more cash. The person who purchased the system in the meanwhile is now
losing more money with the new system because that too has just come into
a losing streak.

Only by doing the groundwork in section four will a trader have confidence
in a system. You must strive to work through as much market data as is
possible with any system so as to know what is normal and what isn't.
This is why even the top famous traders have losing streaks and they never
batter an eyelid. Every-one seems to be aware that George soros is the
greatest trader alive. The guy made billions in the 1980's and 1990's,
yet he as also had some amazing losing periods. His fund has also lost
billions and posted big negative returns. Did it bother him? He knew
that his style of trading will go through losing periods. Just as dawn
follows dusk, a losing period is usually followed by a winning period
and vise -versa. Yet too many traders throw in the towel after taking a
couple of successive losers. They are never around when the system kicks
into a big winning period.

What you believe is what you get. If you look at your problem areas you'll
find they are rooted in faulty and limited beliefs. So if you are having
problems with your trading results examine your beliefs about trading. If
deep down you have negative feelings about trading, or making money or you
lack complete confidence in either the system you are following or your-self
then you have to stop trading and go back and find out why.

A person who is a compulsive gambler will never make it trading the markets.
I'm sure when they lose a substantial amount of their capital then every-one
else will be to blame, but deep down if they analyzed their beliefs about trading
they would probably admit they see it as a big casino. If your beliefs about
making money are negative then how can you expect to make money in stocks?
I have heard of traders running accounts up to a ceiling figure, say $1 million
and then losing it all. They have repeated this several times before seeking help.
Usually, it is found that some deep seated, negative belief about making a lot
of money has caused them to push the self-destruct button. As Ed Seykota ( very
successful professional trader) says, every-one gets what they want from life.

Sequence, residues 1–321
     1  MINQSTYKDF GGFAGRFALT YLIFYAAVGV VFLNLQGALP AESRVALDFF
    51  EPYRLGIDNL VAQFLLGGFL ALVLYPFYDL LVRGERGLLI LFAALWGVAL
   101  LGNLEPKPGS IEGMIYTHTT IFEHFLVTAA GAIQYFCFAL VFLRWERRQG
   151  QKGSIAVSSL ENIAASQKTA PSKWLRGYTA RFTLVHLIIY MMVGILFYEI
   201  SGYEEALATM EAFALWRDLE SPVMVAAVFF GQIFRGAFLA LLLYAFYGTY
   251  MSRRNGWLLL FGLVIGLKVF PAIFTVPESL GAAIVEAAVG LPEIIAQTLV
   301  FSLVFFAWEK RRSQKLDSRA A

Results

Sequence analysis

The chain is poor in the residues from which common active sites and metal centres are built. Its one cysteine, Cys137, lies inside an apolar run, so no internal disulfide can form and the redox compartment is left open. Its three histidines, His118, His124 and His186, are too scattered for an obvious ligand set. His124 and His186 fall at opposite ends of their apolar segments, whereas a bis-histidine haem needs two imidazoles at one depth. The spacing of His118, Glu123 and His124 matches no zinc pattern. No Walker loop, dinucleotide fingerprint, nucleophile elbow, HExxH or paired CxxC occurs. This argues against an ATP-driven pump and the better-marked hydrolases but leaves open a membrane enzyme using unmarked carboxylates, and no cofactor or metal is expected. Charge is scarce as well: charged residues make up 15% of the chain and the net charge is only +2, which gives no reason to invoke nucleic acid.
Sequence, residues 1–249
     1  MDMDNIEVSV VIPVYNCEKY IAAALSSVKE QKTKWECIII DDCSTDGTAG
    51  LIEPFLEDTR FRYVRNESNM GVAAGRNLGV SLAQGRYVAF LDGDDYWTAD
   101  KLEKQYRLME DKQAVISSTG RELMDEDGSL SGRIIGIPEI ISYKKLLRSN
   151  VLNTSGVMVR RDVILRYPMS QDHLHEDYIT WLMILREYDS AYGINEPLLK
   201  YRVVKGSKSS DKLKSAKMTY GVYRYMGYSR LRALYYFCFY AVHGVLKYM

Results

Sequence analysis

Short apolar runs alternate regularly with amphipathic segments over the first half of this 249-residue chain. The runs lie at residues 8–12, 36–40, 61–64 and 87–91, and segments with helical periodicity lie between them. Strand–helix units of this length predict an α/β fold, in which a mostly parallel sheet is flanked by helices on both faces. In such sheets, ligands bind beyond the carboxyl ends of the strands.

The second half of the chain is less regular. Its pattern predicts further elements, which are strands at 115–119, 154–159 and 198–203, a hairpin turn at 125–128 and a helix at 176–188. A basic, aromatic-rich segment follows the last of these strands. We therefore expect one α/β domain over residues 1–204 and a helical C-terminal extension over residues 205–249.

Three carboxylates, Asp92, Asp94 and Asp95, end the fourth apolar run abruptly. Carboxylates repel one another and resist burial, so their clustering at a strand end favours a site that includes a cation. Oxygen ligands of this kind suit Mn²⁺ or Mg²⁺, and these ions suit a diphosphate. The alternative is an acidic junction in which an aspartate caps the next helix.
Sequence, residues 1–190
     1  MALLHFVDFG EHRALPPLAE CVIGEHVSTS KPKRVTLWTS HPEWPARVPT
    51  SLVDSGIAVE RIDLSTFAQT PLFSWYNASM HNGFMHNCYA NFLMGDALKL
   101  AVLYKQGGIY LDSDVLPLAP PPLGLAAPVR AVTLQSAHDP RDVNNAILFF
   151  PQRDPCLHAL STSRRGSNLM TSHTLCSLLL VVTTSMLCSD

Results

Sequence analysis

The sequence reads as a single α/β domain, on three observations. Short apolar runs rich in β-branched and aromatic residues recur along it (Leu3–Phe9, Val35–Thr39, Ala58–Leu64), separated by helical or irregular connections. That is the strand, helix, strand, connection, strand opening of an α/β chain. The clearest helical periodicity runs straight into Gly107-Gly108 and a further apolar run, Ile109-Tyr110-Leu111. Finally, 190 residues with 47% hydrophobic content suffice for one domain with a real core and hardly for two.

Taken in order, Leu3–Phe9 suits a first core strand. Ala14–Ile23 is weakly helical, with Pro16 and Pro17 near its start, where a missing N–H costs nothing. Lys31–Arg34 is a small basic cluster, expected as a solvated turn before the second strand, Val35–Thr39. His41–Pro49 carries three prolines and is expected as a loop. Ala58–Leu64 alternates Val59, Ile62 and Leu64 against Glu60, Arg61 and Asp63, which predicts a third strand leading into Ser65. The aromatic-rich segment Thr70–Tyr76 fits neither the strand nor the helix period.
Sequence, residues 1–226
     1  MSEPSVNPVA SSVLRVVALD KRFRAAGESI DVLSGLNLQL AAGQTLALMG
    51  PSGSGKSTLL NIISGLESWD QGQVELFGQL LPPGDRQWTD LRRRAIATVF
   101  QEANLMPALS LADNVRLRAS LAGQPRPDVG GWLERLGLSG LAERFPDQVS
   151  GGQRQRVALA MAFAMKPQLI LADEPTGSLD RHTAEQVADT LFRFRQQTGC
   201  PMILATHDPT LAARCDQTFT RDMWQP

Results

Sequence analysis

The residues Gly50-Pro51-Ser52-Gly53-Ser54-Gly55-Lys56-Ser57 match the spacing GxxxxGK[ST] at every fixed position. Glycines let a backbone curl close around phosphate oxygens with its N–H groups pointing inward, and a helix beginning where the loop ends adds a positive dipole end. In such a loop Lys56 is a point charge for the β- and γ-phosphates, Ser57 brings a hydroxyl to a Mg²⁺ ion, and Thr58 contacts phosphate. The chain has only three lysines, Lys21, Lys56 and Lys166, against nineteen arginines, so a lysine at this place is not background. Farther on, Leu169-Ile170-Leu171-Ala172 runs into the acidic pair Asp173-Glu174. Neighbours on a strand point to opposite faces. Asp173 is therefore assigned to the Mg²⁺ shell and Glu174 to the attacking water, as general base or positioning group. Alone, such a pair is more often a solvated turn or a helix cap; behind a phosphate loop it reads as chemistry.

You'll find in trading you'll get what you want.

You have to ask your-self what are your beliefs about trading? Are you told
continuously that trading is a no win game? It's a gamble? You can't win?
Trend following doesn't work? etc... Do you believe any of it? Write down
what you believe about trading. What kind of returns do you think are possible?
How much time and effort do you believe you must put into a day's work to obtain
a day's pay? When I first started trading I felt I needed to work hour after hour
every day. I checked on the quotes continuously, phoned my broker, read reports,
listened to the news, etc.. Why? Because I believed I had to put in hard work to
receive pay. It took a long time to shake that belief out.

If you believe it's relatively simple to make 50% p.a from the stock market
year in and year out, with very low risk and with just ten minutes work per
day then good, because it's possible. Then this is what you'll work towards
( I know many people will disagree but first ask whether these people are in a
position to pass comment).

On the other hand, if you believe just working ten minutes per day for a wage
is a lazy way to success and you feel uncomfortable with this then you will
have to resolve this conflict before you can obtain these results.

Choose your beliefs wisely. In all problems with your trading you are both
the problem and solution. The top traders know this. If they go through an
extensive period of losers they'll start analyzing their beliefs. Looking
inside and not out-side for the answers.

How do you develop positive self-belief?

Foremost, it has to be said it takes a lot of work (refer to the previous chapter.)
You will have to start with accepting total responsibility for your trading ,be
willing to put a lot of work into finding and testing a trading system.
The rest is built from experience. It takes years of experience for you to
develop the belief. A bit of a catch 22 but how do you gain experience in
trading? By staying in the game. Trade with such a small risk in the early
years that it hardly seems worth your while. View trading as a 20 year venture
and not a "get rich quick scheme."

It is only when you have total confidence will you be able to view your trading in
terms of points rather than money. Once you are on this level the rewards can be
staggering. Which brings me on to the next chapter.

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Old October 18th, 2010, 01:24 PM   #9 (permalink)
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6) View Trading as a Score in Points and Not In Money:

Really what I am saying is "follow your time tested rules which you
have complete belief in and forget about everything else"

How can you do that when it's money we are trading with? Use
someimagination. Pretend it's not money but simply a game your playing
and your account represents points scored. Stop counting dollars every
time the market moves and start concentrating on following your rules
flawlessly. When you can operate on this level not only do your profits
soar over the long run but it takes away all the stress of trading.

Think about it. No more are you watching the quotes intra-day thinking
"wow! I have just made enough to buy a new car," or